Gina Miller, the pro-Europe campaigner, is targeting voters with tailored Facebook advertising in dozens of Labour and Conservative seats. The financier’s campaign group, Best for Britain, which is seeking to boost the number of pro-remain MPs in the next parliament, is sending out different messages to different voters in seats from Aberdeen to Southampton.
It is the latest example of the increasingly sophisticated “digital ground war” being fought during the general election, which has already seen the Conservatives and Labour spending an estimated £140,000 a week on targeting voters directly through their Facebook feeds. Digital campaigning companies have claimed they can help campaigners tailor adverts to individuals depending on the trail of information they have left online, and Labour and the Conservatives are expected to spend up to £1m each on advertising on social media in the general election.
On Wednesday, the information commissioner, Elizabeth Denham, launched an investigation into the practice and warned that if parties sent political messages to people based on their individual data, they could be breaking the law. There is no suggestion that Miller’s campaign is doing so, but it is sending different adverts to different groups and there is evidence to suggest that it is changing messages depending on voters’ age.
In Darlington, where Labour’s pro-remain Jenny Chapman is standing to retain the seat, a 50-year-old voter received an advert which said: “Jeremy Corbyn is not going to be prime minister, so you can vote for your Labour candidate.”
In Southampton Itchen, where Brexit-supporting Royston Smith is standing for the Conservatives, a voter was told: “Theresa May is going to win anyway, but it’s important to limit her majority.”
The ads often use the same image of a smiling Gina Miller, but are given different messages. In Battersea, Oxford West, Portsmouth South and Preston, the message was: “Prevent an extreme Brexit. Make this the biggest tactical vote in British history.”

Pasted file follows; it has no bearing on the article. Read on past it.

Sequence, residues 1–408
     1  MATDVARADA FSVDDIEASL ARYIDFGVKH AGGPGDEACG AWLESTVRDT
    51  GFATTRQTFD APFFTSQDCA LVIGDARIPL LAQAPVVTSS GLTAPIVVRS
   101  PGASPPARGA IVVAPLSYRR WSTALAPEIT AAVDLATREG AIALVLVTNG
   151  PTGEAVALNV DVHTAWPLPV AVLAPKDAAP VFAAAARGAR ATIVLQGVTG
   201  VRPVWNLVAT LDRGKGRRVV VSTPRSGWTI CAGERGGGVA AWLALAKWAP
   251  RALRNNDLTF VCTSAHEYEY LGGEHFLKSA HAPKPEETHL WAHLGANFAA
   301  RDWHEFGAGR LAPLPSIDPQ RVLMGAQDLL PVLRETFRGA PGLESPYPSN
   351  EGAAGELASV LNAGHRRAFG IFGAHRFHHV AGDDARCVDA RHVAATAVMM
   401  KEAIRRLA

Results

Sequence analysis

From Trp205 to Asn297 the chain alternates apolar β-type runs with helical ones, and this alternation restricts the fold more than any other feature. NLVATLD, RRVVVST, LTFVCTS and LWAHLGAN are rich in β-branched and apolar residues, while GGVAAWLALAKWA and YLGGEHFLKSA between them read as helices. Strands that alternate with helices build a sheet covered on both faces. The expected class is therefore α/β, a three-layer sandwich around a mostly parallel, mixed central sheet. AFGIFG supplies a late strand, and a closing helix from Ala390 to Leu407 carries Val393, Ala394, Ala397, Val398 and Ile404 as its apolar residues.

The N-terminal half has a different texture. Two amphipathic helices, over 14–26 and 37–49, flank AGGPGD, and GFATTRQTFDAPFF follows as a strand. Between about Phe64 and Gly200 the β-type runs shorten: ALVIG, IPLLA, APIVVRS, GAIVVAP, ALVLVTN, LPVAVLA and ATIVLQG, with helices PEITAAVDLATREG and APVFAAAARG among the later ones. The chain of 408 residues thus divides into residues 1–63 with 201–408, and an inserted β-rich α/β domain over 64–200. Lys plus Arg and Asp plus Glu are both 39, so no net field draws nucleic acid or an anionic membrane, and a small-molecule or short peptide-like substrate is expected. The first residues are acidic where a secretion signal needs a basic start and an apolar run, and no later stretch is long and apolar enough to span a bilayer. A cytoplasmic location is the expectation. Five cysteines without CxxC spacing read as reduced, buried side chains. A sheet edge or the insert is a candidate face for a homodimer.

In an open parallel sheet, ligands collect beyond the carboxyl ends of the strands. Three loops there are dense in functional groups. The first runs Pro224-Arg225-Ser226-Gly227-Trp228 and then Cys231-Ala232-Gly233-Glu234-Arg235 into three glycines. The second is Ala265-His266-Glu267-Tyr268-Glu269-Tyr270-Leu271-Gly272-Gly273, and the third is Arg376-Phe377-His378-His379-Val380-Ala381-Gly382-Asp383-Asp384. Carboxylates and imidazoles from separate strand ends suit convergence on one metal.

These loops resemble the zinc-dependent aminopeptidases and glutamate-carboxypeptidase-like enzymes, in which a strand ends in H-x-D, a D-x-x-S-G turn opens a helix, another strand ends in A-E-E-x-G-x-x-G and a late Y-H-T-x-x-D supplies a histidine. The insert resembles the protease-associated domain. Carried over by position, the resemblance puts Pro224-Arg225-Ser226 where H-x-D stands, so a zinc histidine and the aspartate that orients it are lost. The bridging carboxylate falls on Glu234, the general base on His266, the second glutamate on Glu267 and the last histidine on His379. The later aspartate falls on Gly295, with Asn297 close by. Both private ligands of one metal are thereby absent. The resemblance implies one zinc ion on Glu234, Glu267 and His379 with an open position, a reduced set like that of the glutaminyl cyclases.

Ads sent to people aged 20 to 31 in Birmingham Yardley, Wimbledon and South West Norfolk showed a young woman saying: “It seems like they’re going to make the decision and tell us afterwards.”
A similar ad sent to a middle-aged person in Tynemouth showed a worried older woman with the caption: “I would just like open and honest information.”
The adverts emerged from a snapshot of Miller’s campaigning so far gathered from a sample of over 5,000 voters supplying data on political Facebook adverts to the monitoring organisation Who Targets Me. She sent 10 different messages to constituents in 17 Labour seats and 15 Tory seats. The data was analysed by the Bureau for Investigative Journalism. Who Targets Me currently has voters registered in 613 constituencies and wants more people to sign up.
Announcing her investigation into the use of data analytics for political purposes, Denham said: “If political campaigns or third-party companies are able to gather up very precise digital trails to then individually target people, that is an area [where] they are going to be outside the law.”
A spokesman for Better for Britain said: “A variety of messages are sent to potential voters, and we endeavour to measure engagement and refine messaging to maximise the impact of the various Best for Britain campaigns. We are fully aware of, and compliant with, the ICO’s concerns. We do not take anything for granted and want to ensure donors’ generosity is rewarded with the most efficient and effective activities we can undertake. We do not hold any personal information on individuals, unless they have specifically signed up as supporters of the Best for Britain campaign.”